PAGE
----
Rancho Los Fresnos is vital protected Mexican land directly south of Coronado Memorial and Coronado National Forest in the southern Huachuca Mountains. Managed by our partners, Naturalia, this ranch is part of our binational Border Wildlife Study and a focus of our Sky Island stewardship work this year.
Los Fresnos means “the ash trees” in Spanish. Ash trees (Fraxinus spp) are in the Oleaceae family—the family of olives and jasmines—that are widespread across the entire northern hemisphere. In some places of Mexico people call ash trees madre de agua, meaning “mother of water”, because ash trees tend to grow near springs and streams where they are an integral part of riparian ecosystems. So perhaps you can already guess why Rancho Los Fresnos is named after these wonderful trees. You guessed right! Los Fresnos is home to a system of springs, streams, and wetlands that are of paramount importance for ecosystems and people alike, providing healthy water flows and refuge for wildlife across the western upper watershed of the San Pedro River. These freshwater ecosystems are so important, that nearly 400 species of migratory birds can be found here, including two large endangered raptors in Mexico—the bald eagle (Haliaeetus leucocephalus) and golden eagle (Aquila chrysaetos).
However, preserving the integrity and functionality of these critical ecosystems is not a simple task. It requires constant restoration, reforestation, and monitoring efforts to ensure that these lands can withstand or recover from the impacts of soil erosion, extreme heatwaves and drought, fire, invasive species, and livestock grazing. Fortunately, thanks to a collaboration between Sky Island Alliance, the U.S. National Park Service, and Naturalia, Los Fresnos has lately been receiving quite a bit of attention and care.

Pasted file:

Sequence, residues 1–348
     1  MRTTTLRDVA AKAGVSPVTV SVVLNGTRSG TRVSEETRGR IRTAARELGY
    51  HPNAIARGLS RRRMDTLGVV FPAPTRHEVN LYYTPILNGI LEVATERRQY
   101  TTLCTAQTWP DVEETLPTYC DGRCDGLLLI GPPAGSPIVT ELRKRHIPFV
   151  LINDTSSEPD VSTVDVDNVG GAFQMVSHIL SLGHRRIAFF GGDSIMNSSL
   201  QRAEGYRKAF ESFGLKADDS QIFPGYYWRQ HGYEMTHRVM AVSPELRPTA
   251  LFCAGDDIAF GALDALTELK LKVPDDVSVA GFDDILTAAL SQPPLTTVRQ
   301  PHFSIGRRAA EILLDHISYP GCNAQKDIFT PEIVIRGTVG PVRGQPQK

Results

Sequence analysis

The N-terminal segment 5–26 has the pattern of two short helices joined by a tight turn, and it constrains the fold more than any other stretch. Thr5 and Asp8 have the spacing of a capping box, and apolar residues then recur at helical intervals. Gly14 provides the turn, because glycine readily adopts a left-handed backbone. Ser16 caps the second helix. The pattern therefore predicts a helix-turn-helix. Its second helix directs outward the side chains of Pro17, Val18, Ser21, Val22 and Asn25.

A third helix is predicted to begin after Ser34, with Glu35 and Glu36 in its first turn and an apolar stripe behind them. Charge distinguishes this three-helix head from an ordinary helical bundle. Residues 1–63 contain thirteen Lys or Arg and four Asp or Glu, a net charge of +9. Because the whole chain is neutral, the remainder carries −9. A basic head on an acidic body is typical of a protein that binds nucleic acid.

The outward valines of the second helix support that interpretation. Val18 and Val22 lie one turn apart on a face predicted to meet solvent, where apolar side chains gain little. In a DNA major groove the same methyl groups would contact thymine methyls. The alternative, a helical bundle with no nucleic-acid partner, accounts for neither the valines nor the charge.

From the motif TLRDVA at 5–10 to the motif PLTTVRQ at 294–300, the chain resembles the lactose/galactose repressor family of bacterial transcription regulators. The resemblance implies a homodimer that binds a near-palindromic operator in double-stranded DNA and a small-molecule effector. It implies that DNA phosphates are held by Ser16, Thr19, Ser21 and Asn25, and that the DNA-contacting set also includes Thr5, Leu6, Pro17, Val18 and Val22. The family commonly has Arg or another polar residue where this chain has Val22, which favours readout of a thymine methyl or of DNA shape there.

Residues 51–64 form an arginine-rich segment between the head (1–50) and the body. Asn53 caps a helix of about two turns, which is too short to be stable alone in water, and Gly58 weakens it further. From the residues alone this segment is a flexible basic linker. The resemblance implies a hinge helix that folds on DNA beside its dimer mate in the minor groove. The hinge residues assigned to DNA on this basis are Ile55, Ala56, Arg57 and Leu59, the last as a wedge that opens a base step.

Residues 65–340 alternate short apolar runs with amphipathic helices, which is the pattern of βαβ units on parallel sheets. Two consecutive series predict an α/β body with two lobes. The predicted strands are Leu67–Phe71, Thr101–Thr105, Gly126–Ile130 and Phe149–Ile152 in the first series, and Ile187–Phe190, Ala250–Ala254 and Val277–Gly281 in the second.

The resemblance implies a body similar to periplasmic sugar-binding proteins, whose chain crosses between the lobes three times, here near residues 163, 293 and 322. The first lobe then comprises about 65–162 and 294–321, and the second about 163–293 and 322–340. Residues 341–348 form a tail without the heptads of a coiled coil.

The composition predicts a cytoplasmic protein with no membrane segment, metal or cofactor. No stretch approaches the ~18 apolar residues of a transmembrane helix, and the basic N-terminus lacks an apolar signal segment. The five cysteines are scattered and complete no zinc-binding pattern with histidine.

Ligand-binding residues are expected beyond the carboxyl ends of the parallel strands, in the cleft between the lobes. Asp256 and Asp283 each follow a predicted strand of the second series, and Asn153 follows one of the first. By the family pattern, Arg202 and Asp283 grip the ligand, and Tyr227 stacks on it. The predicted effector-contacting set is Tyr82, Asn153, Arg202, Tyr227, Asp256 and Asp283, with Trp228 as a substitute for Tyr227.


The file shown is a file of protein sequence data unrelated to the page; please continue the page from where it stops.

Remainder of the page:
During the last few months, with funding from the Sister Parks Program of the National Park Service, Naturalia has implemented some serious stewardship actions at Los Fresnos including planting of 1,000 native species such as cottonwood, willow, ash, and even agaves. Naturalia’s staff has also been monitoring several fertile islands, which are patches of land that were enriched with native pollinator plants to improve habitat for different pollinator species. But the most important work has perhaps been the protection of springs from livestock activity through the installation of exclusion fences. Exclusion fences are designed to keep livestock away from springs and other wetlands without preventing the passage of wildlife. Without exclusion fences, springs tend to deteriorate rapidly due to excessive grazing, erosion, and contamination from livestock feces that can lead to water eutrophication, and transmission of water-borne zoonotic diseases. As you can imagine, this type of work is extremely important because it helps maintain healthy and abundant waterflows across the upper watershed of the San Pedro river, the last free flowing river in the entire southwestern United States.
This is just a small example of the important work that organizations like Naturalia are doing in Mexico. Ecosystems, water and wildlife so not recognize political borders and so we have to do our best to work together across those borders for the wellbeing of our extraordinary Sky Islands. By the way, Naturalia’s staff has do not do all that wetlands stewardship work by themselves; they have received very substantial help from beavers – world famous wetland engineers, that you can see here and in our picture below!
Learn more about Naturalia here and see the first Border Wildlife Study from Mexico here.